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Hiking with Nietzsche

Nietzsche wasn’t making positive claims about the nature of material reality, he was throwing down a gauntlet; and we have still not picked it up.


Love Your Enemies

Mencken would probably have dismissed Brooks as a sentimentalist — “an evangelist,” in Mencken’s scornful term. A useful and welcome evangelist, I’d say.


Before She Knew Him

Peter Swanson definitely knows how to write a page turner.


I.M.

His critics often accused him of a kind of creative freneticism, but throughout “I.M.,” this designer’s innovation and confidence are evident, contrasting with an industry that, despite its superficial fickleness, can be deeply resistant to change.


Unspeakable

Shawcross can certainly write – there are some lovely images in Unspeakable – and she is obviously in possession of a curious and interesting mind. But there is simply not enough for a book here – or not for this book, in this form.


Contagion

Beyond the excellent use and skill with regards to tropes and tension, the other reason Contagion is so successful is because of its characters.


The Gilded Wolves

This is a fantastic YA Fantasy novel with a rich background, an overarching fun plot that mixes puzzle solving, heists and revenge.


The Kingdom of Copper

The Kingdom of Copper is pretty much all you could possibly wish for in a fantasy read. And you don’t even have to use up the limited supply in your special lamp.


Sea Monsters
The Modern Novel : Sea Monsters (January 14, 2019)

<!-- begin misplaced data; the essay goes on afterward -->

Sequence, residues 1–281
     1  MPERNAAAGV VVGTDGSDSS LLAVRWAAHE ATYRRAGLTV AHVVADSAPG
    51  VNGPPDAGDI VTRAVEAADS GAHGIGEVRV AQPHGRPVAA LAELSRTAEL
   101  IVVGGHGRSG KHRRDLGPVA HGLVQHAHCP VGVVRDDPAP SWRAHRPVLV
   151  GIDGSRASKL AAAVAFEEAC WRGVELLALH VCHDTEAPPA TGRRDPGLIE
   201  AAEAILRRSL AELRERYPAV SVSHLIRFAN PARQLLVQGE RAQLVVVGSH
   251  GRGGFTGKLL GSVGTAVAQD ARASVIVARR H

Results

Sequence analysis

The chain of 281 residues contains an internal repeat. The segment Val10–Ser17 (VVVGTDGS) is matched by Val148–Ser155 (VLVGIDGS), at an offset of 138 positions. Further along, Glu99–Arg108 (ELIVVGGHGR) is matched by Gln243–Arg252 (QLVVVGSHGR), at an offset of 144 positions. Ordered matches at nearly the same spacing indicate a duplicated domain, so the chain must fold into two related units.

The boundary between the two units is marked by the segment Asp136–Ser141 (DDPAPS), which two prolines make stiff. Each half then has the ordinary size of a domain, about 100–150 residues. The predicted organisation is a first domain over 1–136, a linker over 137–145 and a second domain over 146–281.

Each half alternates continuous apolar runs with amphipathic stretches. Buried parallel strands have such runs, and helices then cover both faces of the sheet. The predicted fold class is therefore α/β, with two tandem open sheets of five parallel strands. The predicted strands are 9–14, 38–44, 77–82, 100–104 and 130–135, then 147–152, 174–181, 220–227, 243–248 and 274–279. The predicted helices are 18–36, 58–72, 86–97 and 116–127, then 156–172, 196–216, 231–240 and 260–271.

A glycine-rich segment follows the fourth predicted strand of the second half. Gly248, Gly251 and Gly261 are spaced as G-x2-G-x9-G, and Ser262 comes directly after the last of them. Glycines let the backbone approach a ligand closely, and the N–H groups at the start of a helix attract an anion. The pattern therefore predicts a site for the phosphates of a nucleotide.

It is all about a young woman trying to find who she is and where she is going and what life holds for her.


The Little Snake

What The Little Snake is about more than anything, though, is the acceptance of death as an ineluctable part of life. It’s not a new message, but Kennedy conveys it here in a manner that is subtle and hugely moving.


Salt On Your Tongue

A hybrid of nature journal and motherhood memoir sounds cynically on-trend, but Salt never feels anything less than wholly authentic.


The Kingdom of Copper

I am in awe of the world that Chakraborty has created, alongside our own human realm, and cannot wait to return to it in book three.
Absolutely recommended.


Sadie

It took me this long to recover from the experience of reading the book all those months ago to be able to write about it coherently.


In Our Mad and Furious City

His novel is weirdly somnolent given how portentously it primes us for danger, for the burning of mosques and blood in the streets.


Ghost Trees

In Ghost Trees Gilbert rails gently against global warming and globalisation, and laments the decline of natural diversity and the loss of community that, he says, comes with it.


The Little Snake

In “The Little Snake,” the swift emotional slippages click along, one after another, sentence after sentence, like an intricate concatenation of rainbow-bright dominoes.


Invisible

Truthful narratives demand complexity. Stephen L. Carter has revived his grandmother’s voice when we most need it, and with utmost urgency.


We Begin in Gladness

By overlooking questions of social justice and the politics of language, Teicher offers us a portrait of these poets that, however well rendered, is nevertheless incomplete.


A Rebel in Gaza

The world would be poorer without Ghoul’s voice, without her warmth, her fury and her laughter.